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Re: proposed re-wording of Ian's 2.7

From: Ian Jacobs <ij@w3.org>
Date: Sun, 23 Jul 2000 13:26:00 -0400
Message-ID: <397B2AA8.5DB34FC8@w3.org>
To: Kitch Barnicle <barnicle@trace.wisc.edu>
CC: w3c-wai-ua@w3.org
Kitch Barnicle wrote:
> 
> Pending a new proposal from Charles, I've proposed new wording for
> checkpoint 2.7 below as per my action item from yesterday's call.

Hi Kitch,

My problem with your wording is the word "notification". I don't
think that notification (i.e., a  prompt) is required.  See my
other comments below.

> <Kitch's Modified>
>    2.7 For content in a recognized but unsupported natural
>          language, prevent user disorientation by allowing
>         the user agent to be configured so that notification
>         is provided when unrecognized content is rendered.
>          The user agent may choose to not render this content, but must
>         indicate the absence through the user interface.
>      Note: For example, if the user agent does not support
>        Japanese, render "[Japanese text]" instead of the content,
>        or use an accessible icon that indicates an unsupported language.
> </Kitch's Modified>

So here's an attempt to capture the requirements of the checkpoint:

Rationale: Prevent disorientation caused by rendering "garbage"
           for unsupposed natural languages. Is there other rationale
           that would affect the requirements?

Context: This applies to natural languages that are recognized by the UA
         but unsupposed (e.g., the UA doesn't have a font family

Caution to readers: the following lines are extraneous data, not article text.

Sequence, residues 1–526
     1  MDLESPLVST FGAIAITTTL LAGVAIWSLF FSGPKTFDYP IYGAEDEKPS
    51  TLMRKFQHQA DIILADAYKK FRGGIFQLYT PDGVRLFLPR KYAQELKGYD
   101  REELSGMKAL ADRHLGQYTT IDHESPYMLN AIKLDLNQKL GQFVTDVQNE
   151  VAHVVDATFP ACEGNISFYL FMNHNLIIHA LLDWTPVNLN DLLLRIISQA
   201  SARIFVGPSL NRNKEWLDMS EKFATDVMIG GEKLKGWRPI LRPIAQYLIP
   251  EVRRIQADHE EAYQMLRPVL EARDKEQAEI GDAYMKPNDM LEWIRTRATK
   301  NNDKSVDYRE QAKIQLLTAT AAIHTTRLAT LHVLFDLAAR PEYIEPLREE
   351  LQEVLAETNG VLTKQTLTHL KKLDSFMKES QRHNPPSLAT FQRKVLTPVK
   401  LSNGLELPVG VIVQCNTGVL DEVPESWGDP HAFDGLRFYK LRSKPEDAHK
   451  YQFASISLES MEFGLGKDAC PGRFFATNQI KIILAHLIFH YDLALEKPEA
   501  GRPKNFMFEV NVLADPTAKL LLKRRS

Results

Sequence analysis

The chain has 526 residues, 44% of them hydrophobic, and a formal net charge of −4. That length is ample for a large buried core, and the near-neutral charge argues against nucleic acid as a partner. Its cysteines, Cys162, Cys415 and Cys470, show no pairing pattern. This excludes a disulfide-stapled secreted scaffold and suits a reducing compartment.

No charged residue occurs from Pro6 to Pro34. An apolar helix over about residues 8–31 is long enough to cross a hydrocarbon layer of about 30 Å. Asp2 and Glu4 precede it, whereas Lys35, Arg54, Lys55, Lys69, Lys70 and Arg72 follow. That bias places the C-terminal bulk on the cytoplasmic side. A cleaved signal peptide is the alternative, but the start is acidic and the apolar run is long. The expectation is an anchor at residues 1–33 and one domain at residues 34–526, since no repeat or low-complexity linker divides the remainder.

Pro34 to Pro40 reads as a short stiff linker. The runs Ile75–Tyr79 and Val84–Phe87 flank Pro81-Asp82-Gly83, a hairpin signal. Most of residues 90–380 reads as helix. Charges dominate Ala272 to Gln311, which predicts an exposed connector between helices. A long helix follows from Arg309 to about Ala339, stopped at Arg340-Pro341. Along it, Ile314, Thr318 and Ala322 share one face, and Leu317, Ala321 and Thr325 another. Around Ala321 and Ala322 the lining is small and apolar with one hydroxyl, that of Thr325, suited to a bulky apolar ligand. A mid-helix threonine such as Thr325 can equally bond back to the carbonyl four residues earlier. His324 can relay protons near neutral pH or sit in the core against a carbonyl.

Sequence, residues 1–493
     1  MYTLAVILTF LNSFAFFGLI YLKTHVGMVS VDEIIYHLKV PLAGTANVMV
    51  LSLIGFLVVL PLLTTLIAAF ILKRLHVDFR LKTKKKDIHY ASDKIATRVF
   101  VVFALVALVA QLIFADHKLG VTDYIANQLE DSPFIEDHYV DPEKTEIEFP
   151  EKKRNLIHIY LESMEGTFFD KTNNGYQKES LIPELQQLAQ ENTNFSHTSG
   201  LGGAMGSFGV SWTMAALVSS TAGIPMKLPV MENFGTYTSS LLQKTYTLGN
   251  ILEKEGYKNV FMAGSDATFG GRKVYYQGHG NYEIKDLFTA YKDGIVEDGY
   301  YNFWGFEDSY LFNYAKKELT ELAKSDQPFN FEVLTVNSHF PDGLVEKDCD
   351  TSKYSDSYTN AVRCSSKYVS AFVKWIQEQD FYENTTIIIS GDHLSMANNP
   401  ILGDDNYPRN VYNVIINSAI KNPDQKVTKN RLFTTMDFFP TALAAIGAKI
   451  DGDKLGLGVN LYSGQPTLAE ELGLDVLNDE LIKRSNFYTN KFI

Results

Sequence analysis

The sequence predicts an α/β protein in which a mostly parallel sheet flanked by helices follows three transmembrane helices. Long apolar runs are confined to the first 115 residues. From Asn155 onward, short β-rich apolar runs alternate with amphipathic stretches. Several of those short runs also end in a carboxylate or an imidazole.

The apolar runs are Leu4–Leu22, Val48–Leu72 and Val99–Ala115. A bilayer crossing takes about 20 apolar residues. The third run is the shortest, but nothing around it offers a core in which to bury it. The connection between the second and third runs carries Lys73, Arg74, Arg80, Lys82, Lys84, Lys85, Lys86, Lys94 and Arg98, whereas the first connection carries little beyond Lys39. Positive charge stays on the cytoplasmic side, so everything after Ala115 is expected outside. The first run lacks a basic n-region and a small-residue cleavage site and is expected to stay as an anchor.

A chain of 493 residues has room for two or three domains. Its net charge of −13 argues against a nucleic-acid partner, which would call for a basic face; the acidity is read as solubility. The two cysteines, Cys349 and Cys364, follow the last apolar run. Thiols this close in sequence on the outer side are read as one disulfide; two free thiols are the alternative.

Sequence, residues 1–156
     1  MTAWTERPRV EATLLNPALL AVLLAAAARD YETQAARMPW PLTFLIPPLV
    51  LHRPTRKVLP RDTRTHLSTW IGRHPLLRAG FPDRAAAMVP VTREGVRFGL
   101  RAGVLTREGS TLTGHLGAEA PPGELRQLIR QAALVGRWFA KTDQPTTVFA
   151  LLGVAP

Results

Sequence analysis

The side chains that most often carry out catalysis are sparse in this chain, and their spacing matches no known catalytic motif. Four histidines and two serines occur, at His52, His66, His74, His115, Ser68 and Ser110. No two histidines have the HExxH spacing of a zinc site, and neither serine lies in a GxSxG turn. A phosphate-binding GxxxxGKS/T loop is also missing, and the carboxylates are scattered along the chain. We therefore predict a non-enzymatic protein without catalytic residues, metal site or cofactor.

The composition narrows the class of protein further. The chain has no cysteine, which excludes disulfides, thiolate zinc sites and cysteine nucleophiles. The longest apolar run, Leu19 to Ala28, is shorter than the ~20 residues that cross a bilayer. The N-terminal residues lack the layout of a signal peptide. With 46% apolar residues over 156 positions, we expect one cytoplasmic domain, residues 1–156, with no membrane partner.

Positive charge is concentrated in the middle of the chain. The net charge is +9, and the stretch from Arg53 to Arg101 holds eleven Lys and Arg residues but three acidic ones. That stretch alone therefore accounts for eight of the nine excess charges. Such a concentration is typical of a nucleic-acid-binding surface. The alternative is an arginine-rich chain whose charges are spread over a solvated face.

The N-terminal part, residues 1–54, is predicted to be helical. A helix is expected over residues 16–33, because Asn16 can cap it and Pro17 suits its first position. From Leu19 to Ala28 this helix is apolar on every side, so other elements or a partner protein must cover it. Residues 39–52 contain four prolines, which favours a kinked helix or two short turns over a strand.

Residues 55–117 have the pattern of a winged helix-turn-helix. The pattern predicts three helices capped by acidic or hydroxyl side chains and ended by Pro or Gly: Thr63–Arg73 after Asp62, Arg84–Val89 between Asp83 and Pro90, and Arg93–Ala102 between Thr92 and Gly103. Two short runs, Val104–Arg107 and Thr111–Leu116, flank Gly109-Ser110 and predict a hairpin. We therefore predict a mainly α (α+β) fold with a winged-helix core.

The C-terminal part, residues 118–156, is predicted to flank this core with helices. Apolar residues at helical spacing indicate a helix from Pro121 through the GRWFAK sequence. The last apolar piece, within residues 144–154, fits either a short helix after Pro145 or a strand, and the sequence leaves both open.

available
         to render the characters.

Two requirements:
  1) Don't do anything special when rendering.

OR

  2a) Either don't render the content and indicate to the user through
     the user interface that rendering has been suppressed. Note: I
don't
     think that this information is available through the DOM since the
     content is in the document object. 

     Issue: What is the minimal requirement for rendering the
indication?
     It has to be accessible. Does it need to be inline? What if there
     are 30 chunks of text in different unrecognized languages?

  2b) Or render with some indication that the content has not been
      adequately rendered due to missing resources or unsupported
languages.
   
     Issue: What is the minimal requirement for rendering the
indication?
     It has to be accessible. Does it need to be inline? What if there
     are 30 chunks of text in different unrecognized languages?

 Note: A graphical browser may not support a given natural language due
to
 lack of font resources, but an assistive technology might support that
 language.

Here's a proposal.

<NEW>
    2.7 For content in a recognized but unsupported natural
        language, prevent user disorientation by indicating
        (when configured to do so) the lack of support for the
        natural language. Any non-text indication must have a
        text equivalent that is available to assistive 
        technologies (refer to checkpoint 1.5). The user agent
        may suppress rendering of content in an unsupported
        natural language, but in this case must indicate
        the absence of the original content in context (e.g.,
        with an icon, analogous to the common "missing image"
        icon).
              Note: For example, if the user agent does not have a font
              available to render Japanese, render "[Japanese text]" 
              (in an appropriate natural language) instead.
              Or use an accessible icon that indicates an unsupported 
              language.
</NEW>

 - Ian

-- 
Ian Jacobs (jacobs@w3.org)   http://www.w3.org/People/Jacobs
Tel:                         +1 831 457-2842
Cell:                        +1 917 450-8783
Received on Sunday, 23 July 2000 13:26:05 GMT

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